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Firm ordered to return unused cryogenic oxygen tank

The container has a capacity of 13,000 litre of liquid oxygen and can easily feed a 500-bed hospital
Representational image.
Representational image.
Shutterstock

Sambit Saha   |   Calcutta   |   Published 22.05.21, 02:15 AM

The Calcutta bench of the National Company Law Tribunal has asked for the immediate release of a cryogenic oxygen tank lying unused at a closed steel mill in Bengal, raising hope that more such idle containers may be made available to increase the supply of medical oxygen in the state.

The tank, which has a capacity of 13,000 litre of liquid oxygen, can easily feed a 500-bed hospital. At present, it is on the premises of Ramsarup Industries Ltd in Kharagpur.

Ramsarup is undergoing bankruptcy proceedings.

After the court’s intervention, the owner of the tank is likely to take possession of the asset over the weekend and bring it to an unit at Uluberia to refurbish before sending it for hospital use.

“...you return the tank. ... you have no reason to withhold it,” Justice Rajasekhar V.K. of the NCLT Calcutta bench remarked during the proceedings.

A ‘compliance report’ ensuring transfer of the tank to Ellenbarrie has to be furnished on Monday when the judge will hear the case and is likely to pass an order.

The advocate representing the gas company prayed that the bench also pass a general order which will ensure that oxygen tanks lying unused in steel mills facing bankruptcy should be released without the elaborate and time consuming process of going to court.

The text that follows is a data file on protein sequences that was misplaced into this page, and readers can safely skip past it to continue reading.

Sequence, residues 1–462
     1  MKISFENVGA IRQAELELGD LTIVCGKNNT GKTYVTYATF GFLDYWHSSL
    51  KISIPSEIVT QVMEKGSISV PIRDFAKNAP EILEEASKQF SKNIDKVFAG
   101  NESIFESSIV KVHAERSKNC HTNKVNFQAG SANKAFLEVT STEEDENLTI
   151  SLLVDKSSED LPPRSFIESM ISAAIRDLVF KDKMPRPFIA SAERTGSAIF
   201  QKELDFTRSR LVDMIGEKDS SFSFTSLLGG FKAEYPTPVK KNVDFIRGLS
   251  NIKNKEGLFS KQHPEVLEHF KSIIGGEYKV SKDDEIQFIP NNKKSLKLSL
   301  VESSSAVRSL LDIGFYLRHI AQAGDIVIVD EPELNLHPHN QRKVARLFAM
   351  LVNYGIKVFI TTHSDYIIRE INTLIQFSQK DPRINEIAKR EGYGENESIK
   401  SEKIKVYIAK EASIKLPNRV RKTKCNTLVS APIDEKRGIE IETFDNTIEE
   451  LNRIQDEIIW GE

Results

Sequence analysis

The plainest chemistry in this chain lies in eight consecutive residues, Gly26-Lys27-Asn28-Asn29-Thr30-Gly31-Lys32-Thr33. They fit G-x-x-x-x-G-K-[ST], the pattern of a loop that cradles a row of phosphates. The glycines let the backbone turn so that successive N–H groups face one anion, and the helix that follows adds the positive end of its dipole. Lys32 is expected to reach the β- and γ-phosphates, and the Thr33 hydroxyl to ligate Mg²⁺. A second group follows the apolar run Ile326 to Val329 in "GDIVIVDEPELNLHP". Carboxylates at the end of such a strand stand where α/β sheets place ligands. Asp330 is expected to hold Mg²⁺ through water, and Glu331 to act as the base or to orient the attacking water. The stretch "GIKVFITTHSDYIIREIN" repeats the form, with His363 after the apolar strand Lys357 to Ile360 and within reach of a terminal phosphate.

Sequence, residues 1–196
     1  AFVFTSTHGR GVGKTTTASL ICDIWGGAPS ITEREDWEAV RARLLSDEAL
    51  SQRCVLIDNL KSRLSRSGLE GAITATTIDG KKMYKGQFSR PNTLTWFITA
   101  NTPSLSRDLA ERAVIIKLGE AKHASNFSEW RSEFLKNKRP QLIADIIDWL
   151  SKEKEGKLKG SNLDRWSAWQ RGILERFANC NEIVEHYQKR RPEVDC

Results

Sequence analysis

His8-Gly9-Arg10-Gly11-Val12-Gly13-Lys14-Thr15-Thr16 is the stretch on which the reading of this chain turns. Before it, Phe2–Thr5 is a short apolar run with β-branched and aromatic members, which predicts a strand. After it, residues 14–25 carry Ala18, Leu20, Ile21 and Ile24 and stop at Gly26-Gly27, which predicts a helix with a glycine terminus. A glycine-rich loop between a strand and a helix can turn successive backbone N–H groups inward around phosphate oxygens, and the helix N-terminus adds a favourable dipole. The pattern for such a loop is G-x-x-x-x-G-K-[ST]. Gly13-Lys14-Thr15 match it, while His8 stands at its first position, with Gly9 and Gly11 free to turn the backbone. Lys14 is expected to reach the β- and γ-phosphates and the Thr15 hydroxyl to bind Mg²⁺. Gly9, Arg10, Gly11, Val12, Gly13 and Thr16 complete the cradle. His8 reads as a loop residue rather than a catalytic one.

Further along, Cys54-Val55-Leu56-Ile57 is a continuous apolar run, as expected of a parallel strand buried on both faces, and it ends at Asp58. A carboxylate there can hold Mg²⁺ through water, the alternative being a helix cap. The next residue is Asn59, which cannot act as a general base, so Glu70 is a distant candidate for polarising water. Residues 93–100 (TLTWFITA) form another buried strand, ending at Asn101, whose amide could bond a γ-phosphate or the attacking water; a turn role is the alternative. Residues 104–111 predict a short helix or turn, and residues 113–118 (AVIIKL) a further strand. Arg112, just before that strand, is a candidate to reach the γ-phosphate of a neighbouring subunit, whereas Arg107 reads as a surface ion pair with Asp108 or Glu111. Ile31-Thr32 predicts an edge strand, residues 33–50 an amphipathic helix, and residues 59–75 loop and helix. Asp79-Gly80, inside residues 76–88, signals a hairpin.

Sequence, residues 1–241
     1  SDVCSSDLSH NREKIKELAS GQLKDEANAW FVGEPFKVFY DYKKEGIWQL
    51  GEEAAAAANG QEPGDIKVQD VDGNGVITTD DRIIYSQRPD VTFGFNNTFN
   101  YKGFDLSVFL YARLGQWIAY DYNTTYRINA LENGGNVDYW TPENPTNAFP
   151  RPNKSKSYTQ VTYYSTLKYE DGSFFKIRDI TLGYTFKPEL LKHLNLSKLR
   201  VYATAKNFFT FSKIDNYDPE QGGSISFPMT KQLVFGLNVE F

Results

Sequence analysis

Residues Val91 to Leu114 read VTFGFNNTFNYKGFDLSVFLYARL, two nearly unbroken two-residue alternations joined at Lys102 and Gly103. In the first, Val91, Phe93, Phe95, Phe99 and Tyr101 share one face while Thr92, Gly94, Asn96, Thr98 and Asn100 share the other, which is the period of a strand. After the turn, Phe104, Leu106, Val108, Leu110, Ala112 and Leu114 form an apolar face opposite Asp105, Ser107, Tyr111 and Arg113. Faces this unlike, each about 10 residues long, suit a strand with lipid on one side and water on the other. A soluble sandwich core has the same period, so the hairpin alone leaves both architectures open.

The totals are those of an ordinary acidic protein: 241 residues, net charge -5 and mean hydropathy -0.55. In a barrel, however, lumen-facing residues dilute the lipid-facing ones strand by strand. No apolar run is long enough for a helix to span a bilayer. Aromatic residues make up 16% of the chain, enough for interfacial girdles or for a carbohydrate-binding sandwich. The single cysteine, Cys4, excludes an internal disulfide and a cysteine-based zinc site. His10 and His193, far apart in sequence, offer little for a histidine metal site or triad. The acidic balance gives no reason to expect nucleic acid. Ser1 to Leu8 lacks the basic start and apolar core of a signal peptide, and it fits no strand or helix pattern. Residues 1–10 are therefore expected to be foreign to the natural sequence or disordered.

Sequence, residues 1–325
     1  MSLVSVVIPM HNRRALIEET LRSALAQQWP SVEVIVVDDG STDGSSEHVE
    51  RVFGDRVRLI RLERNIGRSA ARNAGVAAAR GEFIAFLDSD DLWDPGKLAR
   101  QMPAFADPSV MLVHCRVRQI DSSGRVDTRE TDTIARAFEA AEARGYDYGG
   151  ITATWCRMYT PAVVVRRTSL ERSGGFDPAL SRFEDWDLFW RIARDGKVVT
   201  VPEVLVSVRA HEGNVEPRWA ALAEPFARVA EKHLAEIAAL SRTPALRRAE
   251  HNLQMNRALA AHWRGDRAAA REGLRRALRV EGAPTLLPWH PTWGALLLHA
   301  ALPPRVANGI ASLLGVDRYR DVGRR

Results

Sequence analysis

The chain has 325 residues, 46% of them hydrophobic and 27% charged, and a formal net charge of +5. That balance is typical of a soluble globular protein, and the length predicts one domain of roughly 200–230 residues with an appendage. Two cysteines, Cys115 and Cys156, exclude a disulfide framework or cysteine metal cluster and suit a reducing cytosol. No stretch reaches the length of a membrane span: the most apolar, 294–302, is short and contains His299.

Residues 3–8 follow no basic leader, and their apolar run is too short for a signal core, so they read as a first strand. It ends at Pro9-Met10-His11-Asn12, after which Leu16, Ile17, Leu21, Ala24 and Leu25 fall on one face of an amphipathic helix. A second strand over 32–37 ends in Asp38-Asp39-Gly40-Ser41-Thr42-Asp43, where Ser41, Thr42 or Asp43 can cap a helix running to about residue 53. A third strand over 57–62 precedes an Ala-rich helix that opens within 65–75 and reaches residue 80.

Padam Agarwal, managing director of Ellenbarrie Industrial Gases Ltd, said the company has been taking assistance from courts, administration, health department to recover idle tanks.

“Sometimes the customers are helpful and in some cases they are unwilling,” he said.

Ellenbarrie, in which Air Water Group of Japan holds a 51 per cent stake, is a significant producer of oxygen in Bengal. The company has been able to recover four such idle tanks in recent times.

It usually takes about 45 days to instal a tank, the kind which is being recovered, at a hospital site as the work requires construction as well as obtaining licences and approvals.

Agarwal said tanks and cylinders are in short supply even though the administration is now proactive in giving out contracts.

Advocate Rishav Banerjee, who appeared for Ellenbarrie, said the oxygen tanks supplied and installed by gas companies like Ellenbarrie in factories of different companies undergoing insolvency resolution or liquidation cannot form part of any resolution process or the liquidation estate under the insolvency and bankruptcy code.

The oxygen tanks are third party properties whose ownership lies with the respective gas manufacturing companies, the advocate said.

“Thus, at this crucial juncture the insolvency professionals should cooperate and hand over the oxygen tanks to the gas manufacturing company without intervention of the court so that such they can be installed in hospitals and institutions for supply of medical oxygen to treat Covid patients,” Banerjee added.

Gas companies can only hope to take tanks which are unutilised. Even though industrial use of oxygen is prohibited by the Centre in the wake of heavy demand from the medical side, plucking out tanks from an operational plant is not feasible.

According to the industry practice, gas facilities, tanks or oxygen generating plants, are usually owned by the gas companies even though they are installed at the factories of the customers who operate them for their exclusive use.

While India’s cumulative production of medical oxygen is more than the demand, transportation of gas from factories to hospitals has remained a challenge. Corporate entities such as Tata Group and ITC have procured cryogenic tanks from abroad to meet the sudden surge.

The second wave of the Covid-19 pandemic has taken a toll on the country’s health infrastructure and thousands of people are dying because of shortage of oxygen. The Centre has invoked the provisions of the Disaster Management Act, 2005 and also issued a notification that oxygen will only be supplied for medical purposes, stopping supply to the industry.



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